by Rampe Hlobo SJ

One of the recurring and ugly characteristics of our post-apartheid South Africa has been the perennial human rights violations of migrants and refugees. As far back as 1998 we heard about the horrific xenophobic experiences of foreign nationals. One prominent example was of three men from Senegal and Mozambique who were thrown out of a moving train by a group of South Africans in Johannesburg. Almost ten years later, in May 2008, South Africans embarked on the ugliest and most horrendous xenophobic attacks – the worst of their kind, since the dawn of post-apartheid South Africa. Over sixty migrants and refugees were killed and thousands more were forcibly displaced.

It is now almost twenty years since those three men were thrown out of the train. Yet the violations of the rights of migrants and refugees have not stopped. If the past decade is anything to go by, these violations, instead of disappearing, have become entrenched, more widespread and seemingly acceptable. The persecution of foreigners is even encouraged in some quarters of South African society.

This behaviour on its own is deplorable, despicable and disquieting. However what is more perturbing is the fact that those who commit these atrocities are unequivocally transmitting a very negative message: human rights do not apply to migrants and refugees in South Africa. This message has been intentionally or unintentionally supported by the the refusal of the authorities and prominent figures to label these attacks as xenophobic. It is a disturbing observable fact that has fostered an attitude among South Africans of denying migrants and refugees their human rights. Consequently one is left with no option but to question the people of South Africa’s commitment to their constitution, particularly chapter two of the constitution.

But even more disconcerting than the attacks on migrants and refugees, and the violation of their right to be in South Africa, is the denial of their fundamental right to life. Over the years many migrants and refugees have been killed simply because they were foreigners in South Africa.

In a society that faces many complex problems, it is understandable that people are frustrated by their socio-economic conditions. It is however unacceptable for migrants and refugees’ rights to be violated, especially their right to life, simply because the perpetrators find themselves in difficult socio-economic conditions.

As South Africans celebrate human rights today there is a need to point out and highlight the fact that we cannot, as a country, celebrate this day with a clear conscience. Some among us have become perpetrators and violators of the fundamental human rights of other human beings. Refugees and migrants in our midst continue to be subjected to lives of insecurity and fear simply because they are foreigners. Many South Africans just watch and do nothing while these violations of human rights continue and, sadly, flourish.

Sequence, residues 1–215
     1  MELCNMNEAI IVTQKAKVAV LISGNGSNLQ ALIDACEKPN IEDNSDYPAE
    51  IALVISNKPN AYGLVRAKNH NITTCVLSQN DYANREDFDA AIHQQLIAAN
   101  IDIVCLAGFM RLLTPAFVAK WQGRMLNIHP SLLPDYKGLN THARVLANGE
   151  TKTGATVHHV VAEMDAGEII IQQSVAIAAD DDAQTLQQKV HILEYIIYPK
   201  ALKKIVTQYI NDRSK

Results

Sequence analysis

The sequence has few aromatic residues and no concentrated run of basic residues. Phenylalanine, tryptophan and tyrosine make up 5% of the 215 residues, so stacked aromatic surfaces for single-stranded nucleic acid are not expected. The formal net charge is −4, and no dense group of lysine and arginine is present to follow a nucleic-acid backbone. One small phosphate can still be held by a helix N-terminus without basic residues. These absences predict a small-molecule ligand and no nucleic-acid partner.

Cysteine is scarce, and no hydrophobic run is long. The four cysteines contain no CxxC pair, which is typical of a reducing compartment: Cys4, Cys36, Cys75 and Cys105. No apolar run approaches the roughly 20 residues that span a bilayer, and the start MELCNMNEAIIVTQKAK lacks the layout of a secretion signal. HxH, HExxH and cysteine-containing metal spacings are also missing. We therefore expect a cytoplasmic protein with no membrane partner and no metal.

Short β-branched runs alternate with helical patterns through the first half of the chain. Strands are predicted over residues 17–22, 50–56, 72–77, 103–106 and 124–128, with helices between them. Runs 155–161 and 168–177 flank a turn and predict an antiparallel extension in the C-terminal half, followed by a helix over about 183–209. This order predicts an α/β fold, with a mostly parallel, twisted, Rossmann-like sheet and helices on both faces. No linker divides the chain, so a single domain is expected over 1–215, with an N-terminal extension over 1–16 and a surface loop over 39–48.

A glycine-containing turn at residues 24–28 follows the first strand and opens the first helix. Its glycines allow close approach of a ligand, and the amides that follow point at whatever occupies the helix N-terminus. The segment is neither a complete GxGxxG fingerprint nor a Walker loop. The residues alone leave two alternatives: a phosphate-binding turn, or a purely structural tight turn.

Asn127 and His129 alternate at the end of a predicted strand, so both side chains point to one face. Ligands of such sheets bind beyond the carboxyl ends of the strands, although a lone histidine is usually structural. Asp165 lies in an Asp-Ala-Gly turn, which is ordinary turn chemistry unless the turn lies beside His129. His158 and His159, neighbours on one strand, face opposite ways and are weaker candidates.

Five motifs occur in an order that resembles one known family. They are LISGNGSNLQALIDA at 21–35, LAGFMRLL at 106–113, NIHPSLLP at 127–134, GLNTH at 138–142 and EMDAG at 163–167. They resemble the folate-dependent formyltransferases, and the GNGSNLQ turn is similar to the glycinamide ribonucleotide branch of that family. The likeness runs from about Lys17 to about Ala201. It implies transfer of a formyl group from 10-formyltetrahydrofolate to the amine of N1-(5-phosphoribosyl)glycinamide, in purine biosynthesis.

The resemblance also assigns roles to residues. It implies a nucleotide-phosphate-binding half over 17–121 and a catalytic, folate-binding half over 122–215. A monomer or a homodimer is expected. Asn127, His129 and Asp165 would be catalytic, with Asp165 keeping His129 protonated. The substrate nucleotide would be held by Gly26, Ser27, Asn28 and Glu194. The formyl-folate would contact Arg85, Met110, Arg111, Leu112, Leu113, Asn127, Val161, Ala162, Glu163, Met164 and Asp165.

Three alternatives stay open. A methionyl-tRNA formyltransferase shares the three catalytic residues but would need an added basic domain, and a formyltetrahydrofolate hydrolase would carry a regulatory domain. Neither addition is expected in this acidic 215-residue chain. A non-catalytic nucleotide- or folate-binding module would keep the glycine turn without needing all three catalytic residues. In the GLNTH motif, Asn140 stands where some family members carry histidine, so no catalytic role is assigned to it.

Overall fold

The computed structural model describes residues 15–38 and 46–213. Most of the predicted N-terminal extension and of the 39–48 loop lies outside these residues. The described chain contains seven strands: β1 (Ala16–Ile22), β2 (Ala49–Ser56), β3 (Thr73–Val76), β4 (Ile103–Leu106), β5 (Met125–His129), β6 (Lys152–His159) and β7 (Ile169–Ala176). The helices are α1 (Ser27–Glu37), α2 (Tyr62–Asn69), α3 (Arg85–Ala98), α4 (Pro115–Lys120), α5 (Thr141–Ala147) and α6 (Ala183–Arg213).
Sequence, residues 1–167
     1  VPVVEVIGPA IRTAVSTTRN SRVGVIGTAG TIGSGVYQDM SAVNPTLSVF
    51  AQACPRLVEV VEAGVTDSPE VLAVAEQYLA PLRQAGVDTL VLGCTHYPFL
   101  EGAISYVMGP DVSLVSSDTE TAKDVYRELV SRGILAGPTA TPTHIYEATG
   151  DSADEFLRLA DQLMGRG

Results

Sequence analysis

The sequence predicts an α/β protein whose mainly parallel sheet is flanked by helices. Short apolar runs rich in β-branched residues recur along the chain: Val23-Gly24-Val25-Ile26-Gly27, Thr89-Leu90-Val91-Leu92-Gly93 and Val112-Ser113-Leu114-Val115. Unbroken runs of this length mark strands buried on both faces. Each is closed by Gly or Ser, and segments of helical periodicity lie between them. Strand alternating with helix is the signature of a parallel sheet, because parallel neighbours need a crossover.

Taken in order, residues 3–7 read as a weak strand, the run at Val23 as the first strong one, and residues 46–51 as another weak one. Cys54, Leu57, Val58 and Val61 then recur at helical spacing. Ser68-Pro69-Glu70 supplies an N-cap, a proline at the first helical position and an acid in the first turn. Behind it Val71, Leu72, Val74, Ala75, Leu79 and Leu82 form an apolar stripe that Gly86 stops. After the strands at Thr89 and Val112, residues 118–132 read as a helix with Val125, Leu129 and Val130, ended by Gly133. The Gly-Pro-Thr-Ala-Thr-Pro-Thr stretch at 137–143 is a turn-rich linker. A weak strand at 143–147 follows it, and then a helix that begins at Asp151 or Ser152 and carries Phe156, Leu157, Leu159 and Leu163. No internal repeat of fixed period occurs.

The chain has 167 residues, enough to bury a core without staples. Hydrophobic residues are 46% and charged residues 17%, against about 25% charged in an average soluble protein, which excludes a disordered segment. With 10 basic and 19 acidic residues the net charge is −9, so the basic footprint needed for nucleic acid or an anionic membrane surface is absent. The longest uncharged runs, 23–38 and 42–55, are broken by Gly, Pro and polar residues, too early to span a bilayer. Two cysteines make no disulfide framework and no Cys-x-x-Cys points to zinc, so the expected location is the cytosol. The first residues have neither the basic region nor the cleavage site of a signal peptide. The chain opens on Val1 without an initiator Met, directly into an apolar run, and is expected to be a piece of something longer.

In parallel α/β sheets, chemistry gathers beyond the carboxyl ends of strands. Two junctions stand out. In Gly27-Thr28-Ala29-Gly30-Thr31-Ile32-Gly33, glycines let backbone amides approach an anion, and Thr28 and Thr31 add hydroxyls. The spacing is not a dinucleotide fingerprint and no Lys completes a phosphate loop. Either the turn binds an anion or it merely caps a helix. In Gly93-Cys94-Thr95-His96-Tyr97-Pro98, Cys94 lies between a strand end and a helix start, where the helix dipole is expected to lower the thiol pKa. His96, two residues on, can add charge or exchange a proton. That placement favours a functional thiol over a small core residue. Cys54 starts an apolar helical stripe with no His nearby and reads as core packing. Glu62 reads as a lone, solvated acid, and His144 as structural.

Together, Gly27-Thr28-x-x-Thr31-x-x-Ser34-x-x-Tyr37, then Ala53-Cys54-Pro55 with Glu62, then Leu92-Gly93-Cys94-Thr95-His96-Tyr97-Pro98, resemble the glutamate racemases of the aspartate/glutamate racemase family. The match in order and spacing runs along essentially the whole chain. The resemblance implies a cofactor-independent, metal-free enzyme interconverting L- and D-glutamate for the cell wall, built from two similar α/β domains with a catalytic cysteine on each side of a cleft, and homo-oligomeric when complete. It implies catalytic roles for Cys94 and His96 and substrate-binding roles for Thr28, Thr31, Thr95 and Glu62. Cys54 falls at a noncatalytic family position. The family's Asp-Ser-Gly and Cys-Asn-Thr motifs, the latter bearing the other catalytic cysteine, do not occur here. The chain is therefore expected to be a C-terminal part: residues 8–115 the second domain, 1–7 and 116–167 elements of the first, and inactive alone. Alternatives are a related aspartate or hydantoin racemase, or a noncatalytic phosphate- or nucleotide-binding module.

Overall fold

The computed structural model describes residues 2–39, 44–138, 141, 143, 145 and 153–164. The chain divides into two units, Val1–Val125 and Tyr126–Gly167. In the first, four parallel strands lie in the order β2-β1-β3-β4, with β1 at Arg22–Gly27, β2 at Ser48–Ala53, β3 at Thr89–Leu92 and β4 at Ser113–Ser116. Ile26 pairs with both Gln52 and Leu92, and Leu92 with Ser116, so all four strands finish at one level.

This behavior, I would argue, brings into question our moral right to celebrate Human Rights Day. With so many foreigners who are forcibly displaced and who suffer atrocious violations of their fundamental human rights in South Africa, are we not just being hypocritical?

Not so long ago we South Africans were the ones crying out for help and solidarity when our basic human rights were being violated by the oppressive apartheid government. In fact, the day we celebrate as Human Rights Day in South Africa is a commemoration of the 69 protestors who were massacred in Sharpeville, a township outside Vereeniging. They were killed for protesting against the carrying of identity documents, according to what was known as the “pass law”. It is ironic that today migrants and refugees are forced to carry their identity documents and permits, and are subjected to random checks of their documents by corrupt law enforcers.

The same practice that was once inflicted on South Africans is now deemed to be acceptable by the same people who decried it a few decades ago. Authorities who were once opposed to the law that forced them to carry their identity documents during the apartheid era, are now compelling migrants and refugees to do the very same thing.   The situation reminds us of the words of Pope John XXIII: “Sometimes in states of this kind the very right to freedom is called into question, and even flatly denied.”

John XXIII’s assertion is extremely pertinent for migrants and refugees in South Africa. The challenge is partly because human rights are perceived as legalistic declarations. But they are, in fact, indispensable for every human being and so are not just legalistic declarations. They are intrinsically in harmony with the ethical and religious beliefs based on natural law – law “written” in the human heart – as argued by Popes John XXIII and Benedict XVI.

Unless we South Africans significantly change our attitudes towards migrants and refugees, and recognise and embrace the fact that they too have human dignity and rights, we should critically question our celebration and commemoration of Human Rights Day on March 21.